By PADI AmbassaDiver Alexandra Baackes

There are so many different ways to enjoy diving – capturing exotic marine life on camera, delving into the science beyond the blue, or simply being out in the sun and on the water on a beautiful day – it’s a unique yet universally special experience for almost everyone. Me? My life took a turn for the wonderful when I breathed underwater for the first time during my own PADI Open Water Diver course seven years ago.

Scuba diving isn’t a competitive sport; rather, it’s an adventure with plenty of camaraderie with your fellow ocean addicts on the side. Ready to take the plunge yourself? Let’s go!

How do I get started?

The beginner level diving course that begins the journey of most scuba divers is known as the PADI Open Water Diver course. The curriculum consists of a combination of knowledge development (online or classroom based), confined water dives (basically, underwater skill sessions in a pool or similar setting) and open water dives (putting it all together in practice!).

Alternatively, if you want just a taste of what this whole diving this is all about, you can sign up for a PADI’s Discover Scuba® Diving experience, a non-certifying short and sweet underwater experience that will – fins crossed! – leave you thirsty for more.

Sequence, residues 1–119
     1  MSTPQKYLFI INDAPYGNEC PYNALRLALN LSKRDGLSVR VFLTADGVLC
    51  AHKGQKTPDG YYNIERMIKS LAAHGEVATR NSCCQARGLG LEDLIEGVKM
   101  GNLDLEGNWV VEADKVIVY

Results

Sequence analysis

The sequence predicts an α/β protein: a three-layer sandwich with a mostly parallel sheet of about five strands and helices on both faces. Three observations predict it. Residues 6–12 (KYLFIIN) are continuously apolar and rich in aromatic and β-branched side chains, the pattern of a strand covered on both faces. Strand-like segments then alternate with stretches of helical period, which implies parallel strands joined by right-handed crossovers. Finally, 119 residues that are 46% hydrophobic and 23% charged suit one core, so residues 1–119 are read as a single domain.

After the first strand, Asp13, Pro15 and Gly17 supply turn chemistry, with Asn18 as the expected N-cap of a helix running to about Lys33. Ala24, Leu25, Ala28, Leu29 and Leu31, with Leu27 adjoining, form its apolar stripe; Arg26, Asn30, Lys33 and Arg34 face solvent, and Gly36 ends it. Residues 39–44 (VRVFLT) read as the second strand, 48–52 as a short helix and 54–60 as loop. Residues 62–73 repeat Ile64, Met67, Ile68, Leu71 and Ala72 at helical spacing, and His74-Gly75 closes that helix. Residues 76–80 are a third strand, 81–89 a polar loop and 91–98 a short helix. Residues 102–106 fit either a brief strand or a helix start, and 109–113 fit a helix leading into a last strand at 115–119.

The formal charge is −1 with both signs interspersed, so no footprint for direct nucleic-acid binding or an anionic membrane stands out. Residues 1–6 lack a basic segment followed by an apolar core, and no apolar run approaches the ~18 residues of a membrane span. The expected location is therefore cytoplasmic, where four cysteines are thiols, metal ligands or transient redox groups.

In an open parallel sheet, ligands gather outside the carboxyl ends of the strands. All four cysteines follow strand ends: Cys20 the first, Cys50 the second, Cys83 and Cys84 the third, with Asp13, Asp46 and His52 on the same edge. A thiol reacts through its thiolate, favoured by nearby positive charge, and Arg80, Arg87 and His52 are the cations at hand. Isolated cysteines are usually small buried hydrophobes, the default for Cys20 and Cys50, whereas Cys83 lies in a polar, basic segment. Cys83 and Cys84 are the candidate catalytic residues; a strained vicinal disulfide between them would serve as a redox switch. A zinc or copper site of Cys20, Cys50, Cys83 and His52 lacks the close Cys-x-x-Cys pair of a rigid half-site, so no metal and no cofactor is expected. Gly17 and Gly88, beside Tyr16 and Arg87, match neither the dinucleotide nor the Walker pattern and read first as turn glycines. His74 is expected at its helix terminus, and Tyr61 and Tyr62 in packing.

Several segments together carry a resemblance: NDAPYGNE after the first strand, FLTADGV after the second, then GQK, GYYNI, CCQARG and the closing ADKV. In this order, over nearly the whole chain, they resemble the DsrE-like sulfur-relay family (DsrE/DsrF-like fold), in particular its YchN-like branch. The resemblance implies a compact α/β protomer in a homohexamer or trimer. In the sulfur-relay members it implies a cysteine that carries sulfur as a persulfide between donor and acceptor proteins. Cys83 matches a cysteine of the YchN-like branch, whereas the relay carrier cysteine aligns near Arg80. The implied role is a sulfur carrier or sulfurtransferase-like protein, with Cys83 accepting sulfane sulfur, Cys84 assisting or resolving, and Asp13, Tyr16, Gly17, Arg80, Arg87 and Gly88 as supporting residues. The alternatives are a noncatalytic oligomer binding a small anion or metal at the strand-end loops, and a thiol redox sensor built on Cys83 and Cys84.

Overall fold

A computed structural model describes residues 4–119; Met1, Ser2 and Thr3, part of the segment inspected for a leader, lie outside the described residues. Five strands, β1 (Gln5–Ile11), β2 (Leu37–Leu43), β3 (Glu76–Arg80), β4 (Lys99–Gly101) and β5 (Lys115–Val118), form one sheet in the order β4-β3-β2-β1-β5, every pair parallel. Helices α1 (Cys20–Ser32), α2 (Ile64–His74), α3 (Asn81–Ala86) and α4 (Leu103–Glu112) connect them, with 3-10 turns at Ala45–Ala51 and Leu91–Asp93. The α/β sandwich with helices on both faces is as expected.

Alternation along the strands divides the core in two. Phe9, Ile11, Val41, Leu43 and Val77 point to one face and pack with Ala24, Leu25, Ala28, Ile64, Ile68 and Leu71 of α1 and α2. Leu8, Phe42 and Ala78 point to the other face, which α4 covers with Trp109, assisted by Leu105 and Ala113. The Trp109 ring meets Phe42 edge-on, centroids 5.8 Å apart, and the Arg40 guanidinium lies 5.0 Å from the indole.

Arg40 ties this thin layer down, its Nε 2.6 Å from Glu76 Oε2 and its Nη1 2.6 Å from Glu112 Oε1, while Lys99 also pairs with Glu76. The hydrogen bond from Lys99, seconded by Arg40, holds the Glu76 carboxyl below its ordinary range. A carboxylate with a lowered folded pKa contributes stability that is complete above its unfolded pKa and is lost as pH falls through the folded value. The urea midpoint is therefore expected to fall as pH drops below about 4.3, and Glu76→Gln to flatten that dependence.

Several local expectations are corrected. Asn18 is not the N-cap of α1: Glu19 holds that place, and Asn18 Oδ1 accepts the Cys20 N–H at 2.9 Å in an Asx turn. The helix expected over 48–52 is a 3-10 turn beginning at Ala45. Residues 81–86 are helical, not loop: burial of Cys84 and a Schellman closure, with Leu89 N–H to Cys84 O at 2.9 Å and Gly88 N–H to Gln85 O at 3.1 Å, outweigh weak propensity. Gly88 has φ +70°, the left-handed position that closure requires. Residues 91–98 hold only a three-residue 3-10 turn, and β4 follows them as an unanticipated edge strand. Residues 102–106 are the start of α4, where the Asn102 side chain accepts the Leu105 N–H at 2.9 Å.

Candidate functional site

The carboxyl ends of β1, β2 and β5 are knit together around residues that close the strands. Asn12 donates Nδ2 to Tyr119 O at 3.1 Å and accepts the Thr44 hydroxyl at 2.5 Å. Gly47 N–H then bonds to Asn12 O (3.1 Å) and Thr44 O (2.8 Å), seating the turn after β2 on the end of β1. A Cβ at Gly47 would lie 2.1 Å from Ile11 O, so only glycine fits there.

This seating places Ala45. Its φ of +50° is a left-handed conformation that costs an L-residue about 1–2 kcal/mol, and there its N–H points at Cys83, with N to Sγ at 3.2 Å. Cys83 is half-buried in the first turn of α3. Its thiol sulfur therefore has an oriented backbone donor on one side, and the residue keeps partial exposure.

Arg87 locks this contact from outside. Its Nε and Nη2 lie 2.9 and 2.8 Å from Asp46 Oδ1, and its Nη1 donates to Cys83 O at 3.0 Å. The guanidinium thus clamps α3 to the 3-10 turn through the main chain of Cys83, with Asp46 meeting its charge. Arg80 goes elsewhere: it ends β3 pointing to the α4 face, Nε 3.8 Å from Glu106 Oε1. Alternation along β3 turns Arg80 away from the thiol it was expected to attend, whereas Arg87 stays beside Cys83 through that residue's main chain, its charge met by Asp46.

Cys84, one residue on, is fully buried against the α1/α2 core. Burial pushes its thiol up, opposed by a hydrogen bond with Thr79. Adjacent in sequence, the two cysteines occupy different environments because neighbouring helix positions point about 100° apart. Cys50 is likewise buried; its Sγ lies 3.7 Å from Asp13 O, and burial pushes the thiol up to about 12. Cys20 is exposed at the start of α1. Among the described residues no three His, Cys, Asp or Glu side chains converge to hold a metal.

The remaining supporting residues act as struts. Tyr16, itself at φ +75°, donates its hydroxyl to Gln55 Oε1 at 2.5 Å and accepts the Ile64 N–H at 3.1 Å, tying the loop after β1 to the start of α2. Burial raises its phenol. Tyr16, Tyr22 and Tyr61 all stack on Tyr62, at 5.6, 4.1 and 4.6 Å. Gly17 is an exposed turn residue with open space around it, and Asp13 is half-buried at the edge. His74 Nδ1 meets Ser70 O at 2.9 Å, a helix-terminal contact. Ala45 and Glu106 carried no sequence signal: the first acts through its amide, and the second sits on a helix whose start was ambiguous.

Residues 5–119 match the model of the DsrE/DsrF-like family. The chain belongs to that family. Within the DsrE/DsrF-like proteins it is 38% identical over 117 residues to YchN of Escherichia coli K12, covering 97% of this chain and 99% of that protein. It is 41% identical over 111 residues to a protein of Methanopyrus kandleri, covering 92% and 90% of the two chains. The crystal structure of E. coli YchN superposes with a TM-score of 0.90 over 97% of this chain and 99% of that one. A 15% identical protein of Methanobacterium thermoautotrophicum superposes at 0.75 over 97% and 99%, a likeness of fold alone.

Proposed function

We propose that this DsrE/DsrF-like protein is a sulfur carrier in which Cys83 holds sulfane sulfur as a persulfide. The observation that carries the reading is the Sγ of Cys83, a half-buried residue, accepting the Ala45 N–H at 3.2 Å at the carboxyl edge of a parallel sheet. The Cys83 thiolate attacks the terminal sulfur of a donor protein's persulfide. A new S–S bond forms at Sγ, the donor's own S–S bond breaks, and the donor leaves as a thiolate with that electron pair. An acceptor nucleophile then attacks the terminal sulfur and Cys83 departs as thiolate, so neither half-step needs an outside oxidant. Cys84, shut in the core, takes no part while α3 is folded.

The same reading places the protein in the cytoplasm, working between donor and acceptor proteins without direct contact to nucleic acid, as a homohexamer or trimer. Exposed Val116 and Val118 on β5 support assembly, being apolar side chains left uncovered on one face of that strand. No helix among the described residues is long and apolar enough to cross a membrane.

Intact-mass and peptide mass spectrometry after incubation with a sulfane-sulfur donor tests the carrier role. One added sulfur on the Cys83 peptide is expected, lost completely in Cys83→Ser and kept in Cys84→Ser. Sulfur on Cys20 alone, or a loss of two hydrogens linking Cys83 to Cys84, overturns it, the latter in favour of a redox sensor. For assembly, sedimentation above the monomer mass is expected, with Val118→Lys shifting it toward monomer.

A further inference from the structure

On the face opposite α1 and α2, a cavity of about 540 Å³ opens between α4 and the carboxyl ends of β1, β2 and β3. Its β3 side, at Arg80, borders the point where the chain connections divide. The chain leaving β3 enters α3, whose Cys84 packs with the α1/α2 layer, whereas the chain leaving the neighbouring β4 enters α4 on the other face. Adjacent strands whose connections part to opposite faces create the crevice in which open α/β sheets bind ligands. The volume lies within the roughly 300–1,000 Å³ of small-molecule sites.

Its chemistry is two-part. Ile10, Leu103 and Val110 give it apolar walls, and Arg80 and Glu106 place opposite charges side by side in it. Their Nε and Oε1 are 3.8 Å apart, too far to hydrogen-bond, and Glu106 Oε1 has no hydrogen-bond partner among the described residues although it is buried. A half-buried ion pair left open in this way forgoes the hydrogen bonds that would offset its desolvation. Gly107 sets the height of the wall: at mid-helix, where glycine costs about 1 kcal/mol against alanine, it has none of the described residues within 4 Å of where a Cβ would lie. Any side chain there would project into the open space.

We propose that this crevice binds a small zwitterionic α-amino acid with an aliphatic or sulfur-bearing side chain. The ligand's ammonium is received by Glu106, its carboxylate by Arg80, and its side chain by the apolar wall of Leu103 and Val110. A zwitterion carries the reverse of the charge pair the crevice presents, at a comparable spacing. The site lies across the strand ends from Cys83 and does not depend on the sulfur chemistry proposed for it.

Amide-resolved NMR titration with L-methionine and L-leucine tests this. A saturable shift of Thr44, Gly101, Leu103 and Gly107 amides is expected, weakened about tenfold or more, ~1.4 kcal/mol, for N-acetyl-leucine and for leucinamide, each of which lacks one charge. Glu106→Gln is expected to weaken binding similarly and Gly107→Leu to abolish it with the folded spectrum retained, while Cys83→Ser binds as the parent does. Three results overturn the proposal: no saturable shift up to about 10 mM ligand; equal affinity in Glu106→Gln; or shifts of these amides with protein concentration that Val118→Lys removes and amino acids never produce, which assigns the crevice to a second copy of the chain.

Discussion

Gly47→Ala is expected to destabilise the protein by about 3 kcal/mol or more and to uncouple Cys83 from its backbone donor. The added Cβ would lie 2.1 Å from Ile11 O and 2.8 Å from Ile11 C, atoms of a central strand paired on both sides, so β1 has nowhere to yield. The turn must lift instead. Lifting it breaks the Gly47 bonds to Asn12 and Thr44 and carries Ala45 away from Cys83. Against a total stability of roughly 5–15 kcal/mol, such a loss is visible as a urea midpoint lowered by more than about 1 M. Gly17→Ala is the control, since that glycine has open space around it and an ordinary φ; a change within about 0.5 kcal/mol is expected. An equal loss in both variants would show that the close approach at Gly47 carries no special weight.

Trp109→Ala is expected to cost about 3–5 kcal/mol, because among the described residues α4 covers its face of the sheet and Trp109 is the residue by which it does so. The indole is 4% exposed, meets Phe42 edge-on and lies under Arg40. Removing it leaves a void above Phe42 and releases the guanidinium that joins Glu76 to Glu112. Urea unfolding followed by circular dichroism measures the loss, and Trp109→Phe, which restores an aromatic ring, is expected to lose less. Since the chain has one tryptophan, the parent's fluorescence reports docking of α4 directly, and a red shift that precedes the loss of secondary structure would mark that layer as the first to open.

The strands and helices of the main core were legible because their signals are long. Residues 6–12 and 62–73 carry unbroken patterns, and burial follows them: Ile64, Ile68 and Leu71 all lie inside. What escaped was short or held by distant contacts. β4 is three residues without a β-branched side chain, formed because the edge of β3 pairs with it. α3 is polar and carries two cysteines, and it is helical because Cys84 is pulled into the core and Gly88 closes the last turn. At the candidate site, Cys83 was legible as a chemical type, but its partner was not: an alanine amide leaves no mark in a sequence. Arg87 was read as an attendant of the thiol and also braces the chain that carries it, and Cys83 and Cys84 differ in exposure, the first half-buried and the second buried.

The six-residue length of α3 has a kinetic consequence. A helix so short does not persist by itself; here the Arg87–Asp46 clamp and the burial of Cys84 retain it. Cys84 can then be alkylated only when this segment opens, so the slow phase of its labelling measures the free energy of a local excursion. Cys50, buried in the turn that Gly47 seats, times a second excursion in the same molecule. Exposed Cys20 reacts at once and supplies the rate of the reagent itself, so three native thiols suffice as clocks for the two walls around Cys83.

“Diving has given me the opportunity to meet other fearless women who share the same passion for exploring and conserving the ocean.” – Rika Royale

How long does it take?

It depends on you. In vacation destinations, the PADI Open Water Diver course is often scheduled for four days. But, progress is performance based, so if you need extra time, your instructor will make sure you’re comfortable before moving on. My own Open Water course was the best four days of my first trip to Thailand in 2009.

Additionally, your local dive shop may offer courses that are spread out over a few weeks and scheduled around standard working hours, with classes taking places on evenings and weekends.

Another option is to kick things off at home, on your own time, by signing up for PADI eLearning® and completing the knowledge development portions of your course online before heading to a nearby dive shop or a faraway resort to complete your certification.


Where can I scuba dive?